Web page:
The first representation of a being that was half human, half fish in ancient culture was not a mermaid at all, but a merman, Oannes. Believed to be the emissary of the Babylonian god of water and wisdom, Mesopotamian mythology portrayed him as having the head of a man and the body of a fish. During the day, he would emerge from the ocean to instruct humanity in science, writing and the arts. The first known reference to a mermaid in ancient mythology occurred several thousand years later, in a legend that dates back to Assyria in c.1000 BCE. According to that legend, the first mermaid came into being as the result of an ill-fated romance between a goddess, Atargatis, and her mortal lover. After accidentally killing her partner, Atargatis took to the water, hoping to transform into a fish to escape her shame and agony. However, her beauty was too potent to be concealed by the waters completely, and only the lower half of her body turned into a fish, leaving her with the upper body of a woman. Later, the idea of a being that was half human, half fish was often explored by the legends of Ancient Greece and Rome, where the form was attributed to deities and monsters alike. Several gods and demigods of these cultures spent their lives in the ocean, and their amphibious nature meant that they were often depicted in paintings and sculpture as having fish-like parts.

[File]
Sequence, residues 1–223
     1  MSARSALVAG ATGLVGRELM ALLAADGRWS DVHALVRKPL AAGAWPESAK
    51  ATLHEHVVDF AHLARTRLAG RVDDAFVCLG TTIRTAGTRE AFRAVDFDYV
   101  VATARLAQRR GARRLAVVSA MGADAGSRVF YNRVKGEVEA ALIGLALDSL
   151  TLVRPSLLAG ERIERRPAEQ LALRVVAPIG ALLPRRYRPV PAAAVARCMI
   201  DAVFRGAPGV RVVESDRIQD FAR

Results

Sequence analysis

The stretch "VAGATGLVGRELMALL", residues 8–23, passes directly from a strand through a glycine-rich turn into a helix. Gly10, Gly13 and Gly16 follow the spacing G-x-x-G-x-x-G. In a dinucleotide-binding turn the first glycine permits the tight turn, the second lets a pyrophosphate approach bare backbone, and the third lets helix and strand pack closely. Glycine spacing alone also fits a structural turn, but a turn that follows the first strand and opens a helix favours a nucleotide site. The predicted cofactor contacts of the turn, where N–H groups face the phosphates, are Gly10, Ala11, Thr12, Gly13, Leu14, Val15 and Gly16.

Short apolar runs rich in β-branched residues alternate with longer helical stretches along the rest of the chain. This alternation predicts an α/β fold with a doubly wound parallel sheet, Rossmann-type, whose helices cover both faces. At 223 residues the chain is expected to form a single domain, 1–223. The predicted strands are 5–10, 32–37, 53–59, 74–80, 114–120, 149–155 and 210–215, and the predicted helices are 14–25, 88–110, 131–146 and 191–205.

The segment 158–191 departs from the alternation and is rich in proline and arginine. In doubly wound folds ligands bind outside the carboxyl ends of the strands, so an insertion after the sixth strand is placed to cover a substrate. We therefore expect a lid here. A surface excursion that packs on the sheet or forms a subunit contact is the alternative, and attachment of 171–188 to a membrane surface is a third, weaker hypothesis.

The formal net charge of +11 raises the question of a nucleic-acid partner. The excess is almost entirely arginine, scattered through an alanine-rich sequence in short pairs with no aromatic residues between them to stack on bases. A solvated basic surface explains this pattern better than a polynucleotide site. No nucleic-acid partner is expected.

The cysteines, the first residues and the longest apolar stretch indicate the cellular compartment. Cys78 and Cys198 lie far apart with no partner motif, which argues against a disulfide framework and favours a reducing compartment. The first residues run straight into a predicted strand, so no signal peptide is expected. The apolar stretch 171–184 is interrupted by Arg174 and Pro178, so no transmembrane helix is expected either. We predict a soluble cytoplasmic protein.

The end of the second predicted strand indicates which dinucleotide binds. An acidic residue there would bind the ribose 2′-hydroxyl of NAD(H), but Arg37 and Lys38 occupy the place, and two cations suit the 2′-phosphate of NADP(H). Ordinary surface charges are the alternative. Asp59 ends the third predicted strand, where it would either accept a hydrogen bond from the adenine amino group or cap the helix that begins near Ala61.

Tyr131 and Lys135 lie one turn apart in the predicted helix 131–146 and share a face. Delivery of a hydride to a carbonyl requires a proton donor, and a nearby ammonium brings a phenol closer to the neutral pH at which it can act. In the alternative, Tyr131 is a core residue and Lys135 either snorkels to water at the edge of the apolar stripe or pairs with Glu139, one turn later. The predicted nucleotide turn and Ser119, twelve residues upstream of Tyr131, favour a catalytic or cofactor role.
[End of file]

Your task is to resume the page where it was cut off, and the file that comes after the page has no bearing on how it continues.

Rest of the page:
One of the most powerful influences on later portrayals of the mermaid came from Homer’s Odyssey, in which his hero’s ship is almost lured onto the rocks by the bewitching song of the sirens. Although the sirens of the Odyssey were half woman, half bird, the term ‘siren’ has since become synonymous with mermaids, and over the years, the murderous nature and enchanting beauty of Homer’s sirens have become defining traits of both creatures in many cultures. The mermaids of British folklore, for example, are often associated with maritime disasters such as storms, shipwrecks and drownings, or often act as omens of those perils. In many cases, mermaids were said to intentionally lure men to a watery grave; in others, the mermaids accidentally killed the sailors they fell in love with, forgetting their lovers’ inability to breathe underwater as they dragged them beneath the waves. In other versions of the myth, mermaids are less vicious; instead, they have the power to grant great wealth, and even enter into lasting marriages with human men. Chinese tradition speaks of a mermaid’s ability to weep tears of pearl, while other stories tell of humans rewarded with treasure in return for an act of kindness towards a mermaid. According to Cornish folklore, one mermaid used to listen to the singing of a gifted choirboy from the shore near a church in the village of Zennor. She fell in love with the boy, Matthew, and when he learned of her love her went to live with her beneath the sea in a nearby cove. Today, the residents of Zennor claim that the pair can still be heard sometimes, singing together in their ocean home.